To achieve this reversion, gold would have to fall almost $1,000 per ounce or silver will have to rise at a greater rate than gold in value in the coming years. I believe the latter is far more likely than the former, especially in a climate of endless monetary easing. Combine this with rising demand in the technology sector and the fact that industrial demand will return in full force once we have moved completely out of the recession, and we have a strong case for an investment in silver. The ratio has crept up this year to date, but it has generally been in the 50-to-54 range for some time.
There are many sources of demand for silver, as I cited above. Precious metal demand is strong, as is industrial demand. In fact, megatons of silver are consumed in industrial processes, and further, while sometimes recyclable, silver is often discarded into landfills, never to be recovered. This is the result of silver having been intentionally underpriced for many decades because it is not worth the labor prices to recover used silver.
Industrial processes have been intentionally designed not to consume gold (and silver is a better conductor), and at the high prices gold has commanded for decades, it is nearly all recycled. It is said that 99 percent of all gold ever mined is still in existence above ground. For these reasons, silver stockpiles as a percentage of all silver ever mined is so much smaller than gold stockpiles as a percentage of all gold ever mined. I like to frequently cite the research of Ted Butler, who really put the situation best. Each time I read his work, I want to add to my silver holdings.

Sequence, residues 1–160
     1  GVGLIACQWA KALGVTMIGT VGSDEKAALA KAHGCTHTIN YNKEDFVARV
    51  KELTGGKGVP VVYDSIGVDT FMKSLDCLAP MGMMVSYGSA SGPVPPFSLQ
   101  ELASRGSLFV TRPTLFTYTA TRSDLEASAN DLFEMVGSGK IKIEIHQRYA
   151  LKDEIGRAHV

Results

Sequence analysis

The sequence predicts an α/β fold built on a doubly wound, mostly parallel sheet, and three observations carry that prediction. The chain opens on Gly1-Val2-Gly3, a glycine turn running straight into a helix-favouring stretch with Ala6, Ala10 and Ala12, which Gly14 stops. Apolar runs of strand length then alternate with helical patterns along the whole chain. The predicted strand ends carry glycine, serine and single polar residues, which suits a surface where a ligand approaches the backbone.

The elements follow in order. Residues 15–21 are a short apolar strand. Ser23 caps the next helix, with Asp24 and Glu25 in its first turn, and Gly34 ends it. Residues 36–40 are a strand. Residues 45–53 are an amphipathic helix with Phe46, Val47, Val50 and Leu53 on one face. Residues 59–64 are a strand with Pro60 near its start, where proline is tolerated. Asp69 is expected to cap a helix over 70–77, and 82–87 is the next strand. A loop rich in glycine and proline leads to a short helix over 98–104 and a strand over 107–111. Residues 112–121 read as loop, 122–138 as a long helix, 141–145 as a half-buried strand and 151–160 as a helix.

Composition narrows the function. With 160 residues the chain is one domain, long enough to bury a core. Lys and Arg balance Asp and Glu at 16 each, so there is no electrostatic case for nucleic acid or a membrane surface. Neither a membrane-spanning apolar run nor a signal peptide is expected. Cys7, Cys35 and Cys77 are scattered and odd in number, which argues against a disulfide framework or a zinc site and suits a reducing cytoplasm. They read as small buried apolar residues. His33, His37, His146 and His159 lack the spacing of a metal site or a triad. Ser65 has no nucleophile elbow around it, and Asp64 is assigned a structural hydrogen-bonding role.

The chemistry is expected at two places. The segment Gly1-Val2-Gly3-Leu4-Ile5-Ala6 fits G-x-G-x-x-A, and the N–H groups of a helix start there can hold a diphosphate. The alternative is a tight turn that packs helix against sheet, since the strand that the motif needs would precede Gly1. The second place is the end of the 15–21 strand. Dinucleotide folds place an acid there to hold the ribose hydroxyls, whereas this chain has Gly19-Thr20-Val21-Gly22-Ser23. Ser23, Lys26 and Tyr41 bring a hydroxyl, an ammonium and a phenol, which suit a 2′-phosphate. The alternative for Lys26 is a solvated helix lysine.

Butler is quoted as saying this nearly 15 years ago: “At the end of World War II, total known stocks of silver amounted to ten billion ounces (with the US government holding 4 billion ounces of that total amount). At that time, we were just entering an era of unprecedented global economic expansion that has lasted to the present. In this era, silver was consumed in a variety of vital modern applications at a phenomenal rate. Today, known stocks of silver have shrunk over 95%, to maybe a half a billion ounces.
“The nine and a half billion ounce draw down in total silver inventory, was the result of the persistent shortfall between supply and demand, which continues to this day. Not coincidentally, the current 200 million-ounce annual deficit in silver mirrors the long-term trend line average. This continuing deficit is remarkable in that there has been decent growth in world production of silver over the past 50 years, but obviously not enough to satisfy the surge in industrial demand.”
I wholeheartedly believe that this argument is correct. You see, demand for silver is unprecedented. In smartphones alone, more than $1 billion worth of silver is utilized annually. Include a few extra billion dollars for all of the computers, tablets, and televisions sold each year — it really adds up. It’s too cost inefficient to recycle in most cases. This is just in technology alone. Now think about all of the other industries using silver (jewelry, dentistry, nanotechnology ,etc). It is in finite supply with ever increasing demand. Eventually, this needs to normalize, and when it does, silver prices stand to benefit tremendously. Under $20 per ounce, silver is very attractively priced. While I wouldn’t quite tell you to “back the truck up” at these levels, I would suggest accumulating at these levels.
Disclosure: Christopher F. Davis owns physical silver and a multitude of gold- and silver-related equities.